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Effects of resection volume on postoperative micturition symptoms and retreatment after transurethral resection of the prostate

 Seung Han Shin  ;  Kwang Suk Lee  ;  Kyo Chul Koo  ;  Kang Su Cho  ;  Chang Hee Hong  ;  Byung Ha Chung  ;  Hyun Soo Ryoo  ;  Jae Hyun Ryu  ;  Yun Beom Kim  ;  Seung Ok Yang  ;  Jeong Kee Lee  ;  Tae Young Jung  ;  Jeong Woo Yoo 
 WORLD JOURNAL OF UROLOGY, Vol.41(11) : 3065-3074, 2023-11 
Journal Title
Issue Date
Humans ; Male ; Prostate / diagnostic imaging ; Prostate / surgery ; Prostatic Hyperplasia* / complications ; Retreatment ; Transurethral Resection of Prostate* / methods ; Treatment Outcome ; Urination
Benign prostatic hyperplasia ; International prostatic symptom score ; Resection volume ; Transurethral resection of the prostate
Purpose: Despite advances in technology, such as advent of laser enucleation and minimally invasive surgical therapies, transurethral resection of the prostate (TURP) remains the most widely performed surgical technique for benign prostatic hyperplasia (BPH). We evaluated resection volume (RV)-derived parameters and analyzed the effect of RV on post-TURP outcomes.

Methods: This observational study used data from patients who underwent TURP at two institutions between January 2011 and December 2021 Data from patients with previous BPH surgical treatment, incomplete data, and underlying disease affecting voiding function were excluded. The collected data included age, prostate-specific antigen, transrectal ultrasound (TRUS)- and uroflowmetry-derived parameters, RV, perioperative laboratory values, perioperative International Prostatic Symptom Score (IPSS), follow-up period, retreatment requirements and interval between the first TURP and retreatment.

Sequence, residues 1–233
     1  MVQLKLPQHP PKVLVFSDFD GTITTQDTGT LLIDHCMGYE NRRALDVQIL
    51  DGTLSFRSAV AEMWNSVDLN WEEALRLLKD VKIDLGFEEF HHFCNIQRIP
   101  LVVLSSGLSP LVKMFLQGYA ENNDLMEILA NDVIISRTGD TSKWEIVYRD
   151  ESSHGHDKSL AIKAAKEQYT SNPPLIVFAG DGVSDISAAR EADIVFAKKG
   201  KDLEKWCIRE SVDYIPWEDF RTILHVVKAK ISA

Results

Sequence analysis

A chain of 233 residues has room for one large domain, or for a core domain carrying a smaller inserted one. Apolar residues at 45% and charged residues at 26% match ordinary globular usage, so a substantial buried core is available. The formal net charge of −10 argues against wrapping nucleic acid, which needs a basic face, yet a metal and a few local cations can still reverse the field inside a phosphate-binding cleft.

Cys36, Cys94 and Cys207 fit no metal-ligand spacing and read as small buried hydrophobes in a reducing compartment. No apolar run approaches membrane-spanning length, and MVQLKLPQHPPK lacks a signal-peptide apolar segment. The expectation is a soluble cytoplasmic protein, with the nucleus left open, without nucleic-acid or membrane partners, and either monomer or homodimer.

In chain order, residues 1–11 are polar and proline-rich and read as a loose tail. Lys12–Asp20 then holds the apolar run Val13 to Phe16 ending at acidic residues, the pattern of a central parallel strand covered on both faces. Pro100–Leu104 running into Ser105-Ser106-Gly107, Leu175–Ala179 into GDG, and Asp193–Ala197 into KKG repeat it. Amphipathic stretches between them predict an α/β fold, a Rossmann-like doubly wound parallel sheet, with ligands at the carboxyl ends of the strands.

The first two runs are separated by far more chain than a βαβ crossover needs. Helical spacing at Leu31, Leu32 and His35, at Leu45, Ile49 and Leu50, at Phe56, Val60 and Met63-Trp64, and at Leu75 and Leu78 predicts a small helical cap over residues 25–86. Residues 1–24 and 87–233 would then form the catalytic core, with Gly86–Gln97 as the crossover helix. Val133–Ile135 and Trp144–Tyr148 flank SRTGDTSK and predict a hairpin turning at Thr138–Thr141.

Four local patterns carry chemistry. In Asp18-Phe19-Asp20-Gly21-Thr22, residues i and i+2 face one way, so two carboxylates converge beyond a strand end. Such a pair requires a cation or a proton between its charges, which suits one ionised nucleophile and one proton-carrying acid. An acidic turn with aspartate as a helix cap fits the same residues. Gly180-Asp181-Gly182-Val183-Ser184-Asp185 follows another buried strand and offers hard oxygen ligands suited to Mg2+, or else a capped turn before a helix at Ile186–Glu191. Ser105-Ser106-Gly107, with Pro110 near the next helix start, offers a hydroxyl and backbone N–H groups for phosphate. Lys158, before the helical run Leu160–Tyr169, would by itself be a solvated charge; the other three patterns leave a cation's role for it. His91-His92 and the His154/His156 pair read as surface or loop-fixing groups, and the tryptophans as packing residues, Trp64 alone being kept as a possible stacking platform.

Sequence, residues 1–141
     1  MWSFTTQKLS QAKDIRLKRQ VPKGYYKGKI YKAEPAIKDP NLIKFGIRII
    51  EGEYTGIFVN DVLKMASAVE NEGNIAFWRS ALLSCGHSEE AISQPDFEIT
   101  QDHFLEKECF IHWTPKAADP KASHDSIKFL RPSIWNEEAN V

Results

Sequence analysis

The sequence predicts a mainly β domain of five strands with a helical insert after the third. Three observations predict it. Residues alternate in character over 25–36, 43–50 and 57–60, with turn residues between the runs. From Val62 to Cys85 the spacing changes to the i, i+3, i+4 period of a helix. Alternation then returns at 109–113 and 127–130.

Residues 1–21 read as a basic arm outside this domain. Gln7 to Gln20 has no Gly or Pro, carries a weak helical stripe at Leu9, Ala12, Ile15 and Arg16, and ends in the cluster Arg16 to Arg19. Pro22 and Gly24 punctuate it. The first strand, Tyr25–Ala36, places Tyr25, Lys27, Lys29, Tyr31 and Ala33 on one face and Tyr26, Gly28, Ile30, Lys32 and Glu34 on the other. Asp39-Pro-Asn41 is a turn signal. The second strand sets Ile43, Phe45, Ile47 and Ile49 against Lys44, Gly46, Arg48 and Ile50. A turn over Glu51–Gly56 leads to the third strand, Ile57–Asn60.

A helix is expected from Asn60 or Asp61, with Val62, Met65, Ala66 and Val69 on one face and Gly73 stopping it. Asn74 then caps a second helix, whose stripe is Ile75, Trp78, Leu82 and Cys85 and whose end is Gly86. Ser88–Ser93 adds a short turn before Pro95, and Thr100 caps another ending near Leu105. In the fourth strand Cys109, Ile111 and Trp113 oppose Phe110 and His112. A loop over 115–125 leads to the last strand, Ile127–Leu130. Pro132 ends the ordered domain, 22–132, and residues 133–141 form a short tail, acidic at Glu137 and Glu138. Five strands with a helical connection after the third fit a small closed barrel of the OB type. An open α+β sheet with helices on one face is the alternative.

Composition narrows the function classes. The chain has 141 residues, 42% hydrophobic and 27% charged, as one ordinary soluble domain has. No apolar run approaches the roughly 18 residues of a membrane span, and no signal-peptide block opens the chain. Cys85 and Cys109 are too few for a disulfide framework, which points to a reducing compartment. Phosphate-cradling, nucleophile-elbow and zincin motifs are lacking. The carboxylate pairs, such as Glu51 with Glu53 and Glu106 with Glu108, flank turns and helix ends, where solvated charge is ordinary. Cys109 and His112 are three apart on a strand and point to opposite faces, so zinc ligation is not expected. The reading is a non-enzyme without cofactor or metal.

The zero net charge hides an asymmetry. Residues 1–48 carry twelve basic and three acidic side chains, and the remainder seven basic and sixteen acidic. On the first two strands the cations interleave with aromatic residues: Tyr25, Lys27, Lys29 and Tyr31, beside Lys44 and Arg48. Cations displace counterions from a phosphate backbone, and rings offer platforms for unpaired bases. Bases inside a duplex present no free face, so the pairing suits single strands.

Results: In 268 patients without prior BPH medication, there were no differences in prostate volume (PV), transitional zone volume (TZV), or RV according to IPSS. A total of 60 patients started retreatment, including medical or surgical treatment, within the follow-up period. There was a significant difference in RV/PV between the groups without and with retreatment respectively (0.56 and 0.37; p = 0.008). However, preoperative TRUS- and uroflowmetry-derived parameters did not differ between the two groups. Multiple linear regression analysis showed that RV (p = 0.003) and RV/TZV (p = 0.006) were significantly associated with differences in perioperative IPSS. In the multivariate logistic regression analysis, only RV/PV was correlated with retreatment (p = 0.010).

Conclusion: Maximal TURP leads to improved postoperative outcomes and reduced retreatment rate, it may gradually become a requirement rather than an option.
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1. College of Medicine (의과대학) > Dept. of Urology (비뇨의학교실) > 1. Journal Papers
Yonsei Authors
Koo, Kyo Chul(구교철) ORCID logo https://orcid.org/0000-0001-7303-6256
Lee, Kwang Suk(이광석) ORCID logo https://orcid.org/0000-0002-7961-8393
Chung, Byung Ha(정병하) ORCID logo https://orcid.org/0000-0001-9817-3660
Cho, Kang Su(조강수) ORCID logo https://orcid.org/0000-0002-3500-8833
Hong, Chang Hee(홍창희) ORCID logo https://orcid.org/0000-0002-0946-7702
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